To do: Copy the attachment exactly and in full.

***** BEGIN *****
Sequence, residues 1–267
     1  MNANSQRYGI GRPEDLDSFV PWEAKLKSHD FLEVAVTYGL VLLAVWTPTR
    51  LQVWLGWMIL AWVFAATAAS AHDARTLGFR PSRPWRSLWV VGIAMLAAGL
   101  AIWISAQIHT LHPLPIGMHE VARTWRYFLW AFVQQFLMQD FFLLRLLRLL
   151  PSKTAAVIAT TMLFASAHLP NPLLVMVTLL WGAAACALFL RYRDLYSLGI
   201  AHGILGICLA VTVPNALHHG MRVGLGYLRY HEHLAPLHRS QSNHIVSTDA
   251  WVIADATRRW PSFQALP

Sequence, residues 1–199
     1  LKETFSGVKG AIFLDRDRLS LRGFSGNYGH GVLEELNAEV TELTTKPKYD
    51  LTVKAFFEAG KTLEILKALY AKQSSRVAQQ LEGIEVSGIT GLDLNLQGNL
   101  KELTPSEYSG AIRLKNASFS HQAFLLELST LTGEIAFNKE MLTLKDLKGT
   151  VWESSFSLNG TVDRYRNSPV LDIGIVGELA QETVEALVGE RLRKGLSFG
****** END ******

Sequence, residues 1–267
     1  MNANSQRYGI GRPEDLDSFV PWEAKLKSHD FLEVAVTYGL VLLAVWTPTR
    51  LQVWLGWMIL AWVFAATAAS AHDARTLGFR PSRPWRSLWV VGIAMLAAGL
   101  AIWISAQIHT LHPLPIGMHE VARTWRYFLW AFVQQFLMQD FFLLRLLRLL
   151  PSKTAAVIAT TMLFASAHLP NPLLVMVTLL WGAAACALFL RYRDLYSLGI
   201  AHGILGICLA VTVPNALHHG MRVGLGYLRY HEHLAPLHRS QSNHIVSTDA
   251  WVIADATRRW PSFQALP

Sequence, residues 1–199
     1  LKETFSGVKG AIFLDRDRLS LRGFSGNYGH GVLEELNAEV TELTTKPKYD
    51  LTVKAFFEAG KTLEILKALY AKQSSRVAQQ LEGIEVSGIT GLDLNLQGNL
   101  KELTPSEYSG AIRLKNASFS HQAFLLELST LTGEIAFNKE MLTLKDLKGT
   151  VWESSFSLNG TVDRYRNSPV LDIGIVGELA QETVEALVGE RLRKGLSFG